Grandparents, from past experiences, tend to have a lot of unused stuff tucked away in their houses.
My grandad’s cellar had a couple of recycled bikes that’d been passed down from cousin-to-cousin, a few saws and tools. I’m pretty sure there was a punching bag, too. Good old no-nonsense stuff.
Way up in the attic, which was surprisingly massive for a relatively humble home, there was a medium-sized pool table.
Unfortunately there were no Lamborghinis knocking about, which eight-year-old me would’ve just loved!
But hey, I’m not gonna sit here and be bitter about one grandchild recently venturing into their grandma’s garage to discover a dusty, abandoned 1981 Lambo Countach and a Ferrari 308 valued at £80,000.
The find was made by Reddit user eriegin, who posted a picture of the white vehicle with the caption: ‘Despite the rust and dust, grandma’s 1981 Lamborghini Countach is the coolest.’
Her post was met with demands for more pictures and questions asking why they had been stored for decades.
My late Grandpa bought it for his exotic car rental business in 1989, but after insurance costs became too high for him to operate the company, he kept the car (and many others including the Ferrari 308 in front of the Lambo) outside and in leaky garages for 20+ years instead of selling them.
Don’t ask me why, I have no clue.
She later added:
Let’s clear some things up: these aren’t my cars and probably never will be, they’re not for sale (yet), they’ve been in this garage for less than 15 years and everyone’s known they were there, so not really a “barn find.” Also, to correct Lawrence Adams’ linked article and for anyone else who’s wondering, u/eriegin is a female.
And the guy in the pic just happens to be my very lucky boyfriend who came to see the Countach and assess it’s condition/sit in it and make engine noises.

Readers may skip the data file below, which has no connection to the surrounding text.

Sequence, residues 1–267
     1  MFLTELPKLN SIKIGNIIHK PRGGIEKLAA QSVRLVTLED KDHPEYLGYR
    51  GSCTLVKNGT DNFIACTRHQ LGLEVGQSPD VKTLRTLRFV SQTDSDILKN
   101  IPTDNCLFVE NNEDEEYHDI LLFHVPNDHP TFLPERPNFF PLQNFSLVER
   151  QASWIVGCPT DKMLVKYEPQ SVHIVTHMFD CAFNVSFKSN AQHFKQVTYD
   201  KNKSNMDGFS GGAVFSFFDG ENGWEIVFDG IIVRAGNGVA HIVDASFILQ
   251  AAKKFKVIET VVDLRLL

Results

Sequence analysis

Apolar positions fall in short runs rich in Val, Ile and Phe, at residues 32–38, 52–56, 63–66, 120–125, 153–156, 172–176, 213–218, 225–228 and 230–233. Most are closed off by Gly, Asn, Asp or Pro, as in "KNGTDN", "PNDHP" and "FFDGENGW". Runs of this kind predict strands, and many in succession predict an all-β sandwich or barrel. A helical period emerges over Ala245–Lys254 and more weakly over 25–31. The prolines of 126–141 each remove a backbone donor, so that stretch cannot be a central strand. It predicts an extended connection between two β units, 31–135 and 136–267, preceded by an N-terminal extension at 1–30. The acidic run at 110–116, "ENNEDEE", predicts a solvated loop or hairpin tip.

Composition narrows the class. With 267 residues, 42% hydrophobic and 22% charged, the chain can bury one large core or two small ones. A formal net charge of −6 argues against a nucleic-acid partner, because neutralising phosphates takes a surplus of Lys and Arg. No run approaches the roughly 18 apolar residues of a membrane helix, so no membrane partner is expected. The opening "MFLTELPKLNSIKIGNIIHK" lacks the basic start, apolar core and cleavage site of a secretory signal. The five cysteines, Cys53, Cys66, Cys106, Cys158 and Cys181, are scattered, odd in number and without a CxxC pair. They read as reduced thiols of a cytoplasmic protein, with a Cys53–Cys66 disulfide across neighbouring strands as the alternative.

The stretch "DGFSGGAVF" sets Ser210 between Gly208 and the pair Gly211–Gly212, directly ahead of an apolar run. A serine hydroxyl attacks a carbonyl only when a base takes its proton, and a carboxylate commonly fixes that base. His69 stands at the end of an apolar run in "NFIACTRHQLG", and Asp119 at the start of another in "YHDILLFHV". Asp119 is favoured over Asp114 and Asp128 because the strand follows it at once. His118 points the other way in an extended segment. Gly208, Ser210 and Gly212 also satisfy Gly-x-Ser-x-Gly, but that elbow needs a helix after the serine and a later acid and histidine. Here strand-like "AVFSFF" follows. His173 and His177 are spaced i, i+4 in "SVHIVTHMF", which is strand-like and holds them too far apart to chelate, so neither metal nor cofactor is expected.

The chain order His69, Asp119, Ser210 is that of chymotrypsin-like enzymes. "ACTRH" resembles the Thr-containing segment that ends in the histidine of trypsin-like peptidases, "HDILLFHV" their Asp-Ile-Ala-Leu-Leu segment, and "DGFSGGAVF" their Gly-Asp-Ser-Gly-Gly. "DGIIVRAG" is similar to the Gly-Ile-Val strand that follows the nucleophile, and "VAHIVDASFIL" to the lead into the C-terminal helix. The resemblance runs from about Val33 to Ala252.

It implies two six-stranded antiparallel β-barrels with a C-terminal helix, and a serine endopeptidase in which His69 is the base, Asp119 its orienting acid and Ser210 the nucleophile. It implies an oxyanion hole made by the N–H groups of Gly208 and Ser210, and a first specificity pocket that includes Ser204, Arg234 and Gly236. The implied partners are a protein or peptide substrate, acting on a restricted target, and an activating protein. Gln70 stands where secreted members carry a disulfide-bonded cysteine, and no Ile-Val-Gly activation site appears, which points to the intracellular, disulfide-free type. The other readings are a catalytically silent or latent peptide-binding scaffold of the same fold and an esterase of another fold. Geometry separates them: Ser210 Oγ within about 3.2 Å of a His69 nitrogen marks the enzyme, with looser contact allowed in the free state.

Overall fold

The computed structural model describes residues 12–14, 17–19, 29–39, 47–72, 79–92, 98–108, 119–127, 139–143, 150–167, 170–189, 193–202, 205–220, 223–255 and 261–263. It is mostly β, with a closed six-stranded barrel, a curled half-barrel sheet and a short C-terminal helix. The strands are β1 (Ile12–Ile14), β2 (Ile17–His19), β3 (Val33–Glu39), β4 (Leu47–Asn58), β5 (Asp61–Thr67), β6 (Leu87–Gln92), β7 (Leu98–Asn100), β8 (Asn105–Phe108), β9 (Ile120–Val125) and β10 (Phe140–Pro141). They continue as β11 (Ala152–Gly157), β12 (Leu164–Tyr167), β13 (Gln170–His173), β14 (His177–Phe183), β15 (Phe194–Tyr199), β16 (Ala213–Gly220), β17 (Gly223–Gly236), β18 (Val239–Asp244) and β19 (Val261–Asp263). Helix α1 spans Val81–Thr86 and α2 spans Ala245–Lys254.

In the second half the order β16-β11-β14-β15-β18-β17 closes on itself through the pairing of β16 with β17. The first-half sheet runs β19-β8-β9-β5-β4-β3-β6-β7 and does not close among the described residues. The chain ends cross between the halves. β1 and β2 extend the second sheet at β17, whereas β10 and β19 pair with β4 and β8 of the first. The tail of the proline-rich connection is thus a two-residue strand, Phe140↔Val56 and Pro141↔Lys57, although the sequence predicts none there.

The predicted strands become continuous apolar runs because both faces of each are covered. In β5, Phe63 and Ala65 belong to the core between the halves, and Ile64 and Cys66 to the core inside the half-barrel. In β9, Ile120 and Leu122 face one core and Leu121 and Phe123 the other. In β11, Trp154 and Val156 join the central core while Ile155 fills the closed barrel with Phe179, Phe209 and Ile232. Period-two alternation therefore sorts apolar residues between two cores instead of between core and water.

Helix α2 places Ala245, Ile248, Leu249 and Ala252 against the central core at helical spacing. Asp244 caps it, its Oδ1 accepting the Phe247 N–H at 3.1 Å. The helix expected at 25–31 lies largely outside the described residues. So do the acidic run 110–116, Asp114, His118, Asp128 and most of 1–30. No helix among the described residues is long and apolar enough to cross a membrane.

I’m glad this picture has elicited so much amazement and joy from the people of the internet, and that was my sole objective in sharing it. My grandma isn’t senile, lives a quiet life, stays busy, and once again, these cars are not mine, so no. You can’t interview either of us for your classic car magazine/website/newsletter/whatever else. Sorry. And thanks for your interest.
The white Lamborghini, similar to the one seen in 2013’s The Wolf of Wall Street, doesn’t come cheap.
With Countach production lasting over 15 years, the early LP400 and LP 400S models remain the most desirable to collectors and enthusiasts, Sotheby’s claim. Not only for their performance but also for their ‘rarity and excellent design.’
It offers slight updates over the Gandini’s original design and provides welcome updates to the LP 400 both inside and out, they add.
They say a 1981 Lamborghini Countach LP 400s sold for £263,200 in London in 2015, so this Redditor who brought her grandma’s to our attention should probably think about taking the whole thing more seriously. Personally, I’d flog the hunk of metal for a couple of grand. I’m talking four-figures.
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